Congress Should Set Limits on Obama's ISIS War

United States Secretary of Defense Chuck Hagel (L) listens as U.S. President Barack Obama meets with military senior leadership to receive an update on the campaign to combat Islamic State, also known as ISIS and ISIL, at the Pentagon in Washington October 8, 2014. Gary Cameron/Reuters

Last Saturday marked six months since President Obama unilaterally launched our latest war in the Middle East. We've since hit Islamic State (also known as ISIS or ISIL) targets with more than 2,000 airstrikes and we have 3,000 troops—or, as the administration prefers to call them, "military advisers,"—on the ground.

Last week, three months after he pledged to "begin engaging Congress over a new authorization for military force against ISIL," the president finally filed the paperwork, sending Congress a draft Authorization for Use of Military Force (AUMF) designed to provide legal cover for what he's been doing for more than half a year.

If we've learned anything from the history of past AUMFs (an open question), it's that presidents will push the authority they're given as far as language will allow—and possibly further. Last week's draft resolution is no exception: What limits it purports to impose are largely illusory. If Congress were to pass it as drafted, it might end up ceding the president even vaster war powers than he's claimed to date.

The president's draft AUMF does not limit military operations to Iraq and Syria, and it contains a broad "associated forces" provision that could open the door to the sort of endless target-list proliferation we've seen under the 2001 AUMF. The 2001 resolution, passed by Congress three days after the 9/11 attacks and aimed principally at Al-Qaeda and the Taliban, doesn't mention "associated forces," yet two presidents have stretched its language to authorize an ever-expanding war against groups that didn't exist on 9/11 and whose connections with "core" Al-Qaeda are ever more tenuous. The Obama AUMF, which would authorize force against allies of ISIS "successor entit[ies]" fighting our "coalition partners," could prove even more malleable.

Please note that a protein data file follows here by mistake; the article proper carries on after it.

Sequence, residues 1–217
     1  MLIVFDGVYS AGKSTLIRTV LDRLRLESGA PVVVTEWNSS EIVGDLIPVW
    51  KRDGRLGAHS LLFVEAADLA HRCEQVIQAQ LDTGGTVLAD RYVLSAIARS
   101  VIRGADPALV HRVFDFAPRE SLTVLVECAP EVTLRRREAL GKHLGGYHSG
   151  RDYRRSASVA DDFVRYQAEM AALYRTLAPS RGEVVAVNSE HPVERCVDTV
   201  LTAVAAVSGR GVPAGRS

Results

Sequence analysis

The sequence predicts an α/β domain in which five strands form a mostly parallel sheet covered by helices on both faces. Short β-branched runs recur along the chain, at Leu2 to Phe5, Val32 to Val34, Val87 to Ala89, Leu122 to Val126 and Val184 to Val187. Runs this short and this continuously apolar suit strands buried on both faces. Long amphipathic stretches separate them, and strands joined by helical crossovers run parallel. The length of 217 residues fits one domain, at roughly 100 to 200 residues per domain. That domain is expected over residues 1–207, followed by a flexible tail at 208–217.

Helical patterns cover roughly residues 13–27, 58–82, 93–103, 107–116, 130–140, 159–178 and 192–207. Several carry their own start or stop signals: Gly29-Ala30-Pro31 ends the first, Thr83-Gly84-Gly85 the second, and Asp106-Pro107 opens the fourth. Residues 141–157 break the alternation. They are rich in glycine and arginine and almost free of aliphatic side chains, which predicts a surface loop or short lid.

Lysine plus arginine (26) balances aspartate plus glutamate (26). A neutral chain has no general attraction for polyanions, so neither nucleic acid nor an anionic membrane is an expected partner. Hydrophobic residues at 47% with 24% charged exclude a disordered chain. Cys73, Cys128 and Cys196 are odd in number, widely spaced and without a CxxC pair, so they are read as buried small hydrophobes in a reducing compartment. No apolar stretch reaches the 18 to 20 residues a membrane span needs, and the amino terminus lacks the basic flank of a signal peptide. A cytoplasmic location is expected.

Consider this exchange between Senator Udall and Secretary of State John Kerry, in Kerry's testimony before the Senate Foreign Relations Committee last December:

UDALL: How should the authorization of force treat groups who have pledged their…allegiance to the Islamic State, including, as of December 2014, groups in Algeria, Libya, Egypt, Yemen and Saudi Arabia?

KERRY: They should be associated forces. They fit under that category.

The danger of "mission creep" could hardly be plainer.

Moreover, what "limits" the Obama AUMF contains fully deserve the scare quotes. The resolution specifies that it "does not authorize the use of the United States Armed Forces in enduring offensive ground combat operations," but what "enduring" might mean (shorter than "Operation Enduring Freedom"?) is hardly clear enough to bind.

Even if it were, President Obama continues to claim that "existing statutes," including the 2001 AUMF, "provide me with the authority I need" to wage war. Since the Obama AUMF does nothing to rein in the authorities the president has claimed under the 2001 AUMF, he could do an end-run around any new restrictions by claiming his actions are being carried out under authority granted by the earlier authorization.

Using a similar gambit, Obama's successor could even evade the new AUMF's time limits, carrying the war past the three-year sunset.

It's not at all clear what the president's strategy is in the fight against ISIS, or what victory is supposed to look like. But if Congress is going to retroactively authorize the president's latest war, it ought to get something in the bargain.

It could start by reclaiming some of its atrophied authority with a sunset for the 2001 AUMF, which has been warped into an enabling statute for an open-ended, globe-spanning war. Any ISIS AUMF should also, at a minimum, include clear barriers to "mission creep," including geographical limits, genuine transparency requirements and limits on ground troops.

There's nothing novel about such restrictions: A recent review of past congressional authorizations found that 60 percent contained geographic limitations and 37 percent "limited the kinds of military operations or forces authorized to be employed." But for those limits to stick, any new AUMF will have to clearly repudiate the president's specious interpretation of past authorities.

In his December testimony, Secretary Kerry cautioned Congress against "micromanaging" the president's military options. The far greater danger, as the president's draft AUMF makes clear, is further codifying our drift toward perpetual presidential war.

Gene Healy is a vice president at the Cato Institute and author of The Cult of the Presidency: America's Dangerous Devotion to Executive Power.